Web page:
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IISERs: The Great Indian Scientific Dream


Let's start with the following exchange from the immensely popular TV series "The Big Bang Theory":


Raj: The university president is headed this way.

President (to Sheldon Cooper): Dr. Cooper, the Physics department chair tells me you are refusing to take your vacation.

Sheldon: I don't need a vacation.

President: You are obligated to take one.

Sheldon: But, if I don't come in to work, what am I supposed to do with myself?

President: Read, rest, travel.

(After the president leaves)

Sheldon: It's like I am living in a dictatorship! "You must take a vacation, must have fun, must enjoy life."

Howard: I don't think you have a good handle on dictatorships.



So, why didn't Dr. Cooper want to take a vacation? Because he was a scientist working on extremely exciting, cutting edge research problems at Caltech.

Incidentally, last year, a BS-MS student from the Indian Institute of Science Education and Research Pune, Akash G (recipient of the President's Gold Medal) was offered a fellowship at Caltech for a PhD in Neuroscience. He eventually chose to join Cornell University in keeping with his research interests. As far as Sheldon Cooper's own field, Theoretical Physics is concerned, IISERs now have an established track record of sending students working in this field to some of the most reputed universities all over the world. For example, in the last few years, IISER students have received admission offers from universities like Princeton, Columbia, Cornell, Brown, University of California Los Angeles and San Diego, Rutgers, Oxford and Cambridge. Biology, Chemistry and Mathematics have an equally formidable reputation in this regard [1]. Geological Sciences, a fully functional department at IISER Kolkata, has also trained several students to pursue research training and careers.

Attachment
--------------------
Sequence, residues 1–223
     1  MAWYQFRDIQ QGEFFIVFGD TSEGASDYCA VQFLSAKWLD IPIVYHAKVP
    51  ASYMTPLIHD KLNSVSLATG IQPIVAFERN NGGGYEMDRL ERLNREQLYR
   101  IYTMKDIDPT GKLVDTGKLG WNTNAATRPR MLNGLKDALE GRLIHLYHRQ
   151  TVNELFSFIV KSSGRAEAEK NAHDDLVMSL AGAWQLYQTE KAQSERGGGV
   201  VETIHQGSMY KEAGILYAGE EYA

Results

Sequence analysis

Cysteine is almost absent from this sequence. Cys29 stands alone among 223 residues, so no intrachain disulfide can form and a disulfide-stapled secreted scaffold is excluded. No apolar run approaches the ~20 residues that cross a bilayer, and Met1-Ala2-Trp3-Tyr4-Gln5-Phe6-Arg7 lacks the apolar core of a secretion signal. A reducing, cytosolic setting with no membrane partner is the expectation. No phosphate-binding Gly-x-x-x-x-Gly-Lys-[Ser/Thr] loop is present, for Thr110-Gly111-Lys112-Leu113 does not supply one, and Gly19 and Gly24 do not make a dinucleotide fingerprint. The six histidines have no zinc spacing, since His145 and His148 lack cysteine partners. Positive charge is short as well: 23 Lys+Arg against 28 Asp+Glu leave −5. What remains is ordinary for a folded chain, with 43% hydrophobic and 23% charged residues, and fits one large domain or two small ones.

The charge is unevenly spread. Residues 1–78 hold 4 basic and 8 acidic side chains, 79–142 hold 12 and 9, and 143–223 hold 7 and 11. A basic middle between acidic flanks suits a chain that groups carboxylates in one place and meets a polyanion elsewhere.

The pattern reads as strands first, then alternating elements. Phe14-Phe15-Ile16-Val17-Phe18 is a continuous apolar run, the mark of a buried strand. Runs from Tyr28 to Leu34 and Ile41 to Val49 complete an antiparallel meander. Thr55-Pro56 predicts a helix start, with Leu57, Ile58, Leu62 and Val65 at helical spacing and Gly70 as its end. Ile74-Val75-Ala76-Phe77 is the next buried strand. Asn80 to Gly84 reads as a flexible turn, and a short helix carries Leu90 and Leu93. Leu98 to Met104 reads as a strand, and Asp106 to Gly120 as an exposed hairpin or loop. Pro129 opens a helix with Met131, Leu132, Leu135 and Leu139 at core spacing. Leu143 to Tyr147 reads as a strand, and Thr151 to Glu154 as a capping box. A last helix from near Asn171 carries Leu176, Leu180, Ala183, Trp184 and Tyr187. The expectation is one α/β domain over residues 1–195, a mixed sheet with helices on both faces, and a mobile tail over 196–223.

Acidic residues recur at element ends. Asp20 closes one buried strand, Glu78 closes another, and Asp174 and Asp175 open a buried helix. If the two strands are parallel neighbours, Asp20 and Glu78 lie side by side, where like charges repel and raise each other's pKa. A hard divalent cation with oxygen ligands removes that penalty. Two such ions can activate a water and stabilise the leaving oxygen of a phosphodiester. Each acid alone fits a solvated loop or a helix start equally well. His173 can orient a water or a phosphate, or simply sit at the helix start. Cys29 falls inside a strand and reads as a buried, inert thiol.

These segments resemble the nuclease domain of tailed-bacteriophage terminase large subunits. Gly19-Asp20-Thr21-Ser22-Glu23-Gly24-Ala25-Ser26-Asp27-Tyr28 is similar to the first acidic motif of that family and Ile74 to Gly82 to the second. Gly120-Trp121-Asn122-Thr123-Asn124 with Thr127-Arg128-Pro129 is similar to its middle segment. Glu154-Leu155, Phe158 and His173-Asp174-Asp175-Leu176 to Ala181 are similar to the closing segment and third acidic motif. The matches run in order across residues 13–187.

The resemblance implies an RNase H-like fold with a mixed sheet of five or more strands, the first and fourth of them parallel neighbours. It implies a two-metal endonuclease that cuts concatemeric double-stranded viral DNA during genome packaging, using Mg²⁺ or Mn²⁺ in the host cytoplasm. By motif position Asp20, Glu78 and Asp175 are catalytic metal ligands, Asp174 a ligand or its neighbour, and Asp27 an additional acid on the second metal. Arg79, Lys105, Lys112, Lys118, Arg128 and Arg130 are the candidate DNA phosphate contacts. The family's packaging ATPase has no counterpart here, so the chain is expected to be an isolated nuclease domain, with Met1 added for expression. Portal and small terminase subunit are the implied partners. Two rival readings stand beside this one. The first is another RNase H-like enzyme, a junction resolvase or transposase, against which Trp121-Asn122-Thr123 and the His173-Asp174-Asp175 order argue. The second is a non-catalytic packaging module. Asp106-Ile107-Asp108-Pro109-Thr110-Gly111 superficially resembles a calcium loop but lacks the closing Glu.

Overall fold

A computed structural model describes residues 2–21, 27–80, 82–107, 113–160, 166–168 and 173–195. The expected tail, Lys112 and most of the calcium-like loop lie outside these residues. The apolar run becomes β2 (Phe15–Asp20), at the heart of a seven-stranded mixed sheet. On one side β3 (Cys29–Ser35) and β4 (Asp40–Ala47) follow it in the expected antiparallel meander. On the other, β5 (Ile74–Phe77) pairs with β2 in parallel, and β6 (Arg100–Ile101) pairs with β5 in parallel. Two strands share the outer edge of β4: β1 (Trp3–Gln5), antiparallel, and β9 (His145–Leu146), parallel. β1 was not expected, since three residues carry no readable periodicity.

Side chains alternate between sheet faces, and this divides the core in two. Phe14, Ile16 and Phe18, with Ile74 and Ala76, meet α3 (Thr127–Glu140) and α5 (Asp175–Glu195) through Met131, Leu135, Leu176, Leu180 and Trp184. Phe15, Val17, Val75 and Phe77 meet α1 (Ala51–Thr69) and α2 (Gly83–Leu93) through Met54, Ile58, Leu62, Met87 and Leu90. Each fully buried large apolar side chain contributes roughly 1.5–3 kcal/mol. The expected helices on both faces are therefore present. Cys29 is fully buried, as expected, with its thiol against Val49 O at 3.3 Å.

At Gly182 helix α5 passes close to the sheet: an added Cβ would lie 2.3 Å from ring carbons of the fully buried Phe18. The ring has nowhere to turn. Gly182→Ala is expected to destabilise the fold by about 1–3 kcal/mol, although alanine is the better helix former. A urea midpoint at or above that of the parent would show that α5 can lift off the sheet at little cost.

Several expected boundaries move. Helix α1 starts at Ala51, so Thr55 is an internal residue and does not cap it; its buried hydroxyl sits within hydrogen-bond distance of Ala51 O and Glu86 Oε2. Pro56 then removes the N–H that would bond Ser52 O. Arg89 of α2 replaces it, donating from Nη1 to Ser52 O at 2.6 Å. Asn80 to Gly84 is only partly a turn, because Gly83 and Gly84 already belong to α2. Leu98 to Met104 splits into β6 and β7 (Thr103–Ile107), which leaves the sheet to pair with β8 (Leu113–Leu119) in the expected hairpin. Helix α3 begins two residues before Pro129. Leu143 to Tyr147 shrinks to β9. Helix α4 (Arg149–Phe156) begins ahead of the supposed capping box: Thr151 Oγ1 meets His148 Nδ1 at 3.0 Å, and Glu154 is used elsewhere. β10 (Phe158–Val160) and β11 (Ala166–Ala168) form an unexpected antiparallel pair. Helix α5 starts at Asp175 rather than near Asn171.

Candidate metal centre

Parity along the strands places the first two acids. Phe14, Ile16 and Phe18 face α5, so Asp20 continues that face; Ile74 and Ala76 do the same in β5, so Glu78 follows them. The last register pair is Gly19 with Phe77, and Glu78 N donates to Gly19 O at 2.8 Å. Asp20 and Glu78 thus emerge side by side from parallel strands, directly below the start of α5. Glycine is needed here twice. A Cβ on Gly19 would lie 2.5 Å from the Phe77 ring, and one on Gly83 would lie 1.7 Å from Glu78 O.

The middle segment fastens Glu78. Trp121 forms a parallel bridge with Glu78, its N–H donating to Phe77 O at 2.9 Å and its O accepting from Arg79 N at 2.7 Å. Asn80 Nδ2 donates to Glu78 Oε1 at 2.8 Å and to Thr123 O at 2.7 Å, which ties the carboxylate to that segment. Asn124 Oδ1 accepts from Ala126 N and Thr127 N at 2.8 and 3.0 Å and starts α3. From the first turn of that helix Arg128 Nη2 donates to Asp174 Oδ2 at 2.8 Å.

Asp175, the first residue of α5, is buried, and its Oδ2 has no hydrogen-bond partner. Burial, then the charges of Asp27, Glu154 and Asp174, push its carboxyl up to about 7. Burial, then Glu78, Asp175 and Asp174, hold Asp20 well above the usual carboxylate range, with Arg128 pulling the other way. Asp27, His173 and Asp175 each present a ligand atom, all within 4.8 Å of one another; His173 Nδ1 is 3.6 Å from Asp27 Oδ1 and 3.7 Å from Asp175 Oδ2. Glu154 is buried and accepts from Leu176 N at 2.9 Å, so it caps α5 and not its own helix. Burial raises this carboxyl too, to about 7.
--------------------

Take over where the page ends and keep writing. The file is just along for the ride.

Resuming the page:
It has now been almost 9 years since IISERs were first established in 2006 and have become part of the gathering storm of scientific excellence in India. IISERs currently have five fully functional centers across the country: located at Pune, Kolkata, Bhopal, Mohali and Thiruvananthapuram. In the coming academic year, a new center will start at Tirupati, which will be mentored by IISER Pune for a couple of years.

A decade ago, the scientific leaders of our country came together to address a very important issue: in a country of 1 billion people, we had NO institutes where young students could go for high quality science education at the undergraduate level. One thing was absolutely clear: students needed to learn science in an atmosphere where exciting research was being conducted simultaneously. In fact, it was considered essential that there must be a new system where the students themselves would participate in research. Moreover, an interdisciplinary system of learning was sought in which students would get a firm foundation in all the sciences before choosing to specialize in one – a far cry from a typical university education, where students pick a major in the first year of college and treat the remaining subjects as “subsidiaries” which are studied to merely pass exams.

“iisers”

This is how the concept of IISER was born: a concept, which would break down artificial barriers between research and undergraduate teaching, as well as barriers between major scientific disciplines. Once the broad objectives were clear, things moved very quickly. In 2005, the Ministry of Human Resource Development approved the recommendations of Professor CNR Rao-led- Scientific Advisory Council to the Prime Minister to start IISERs. Campus allocation, infrastructural and financial planning, curriculum designing, and streamlining of the admission procedure was done within months so that two of the planned IISERs were able to commence their academic sessions as early as August 2006 with 44 students at IISER Pune and 38 at Kolkata. Each of these institutes started with a single classroom, two or three labs, and a lot of energy. The other IISERs started operating in the next couple of years.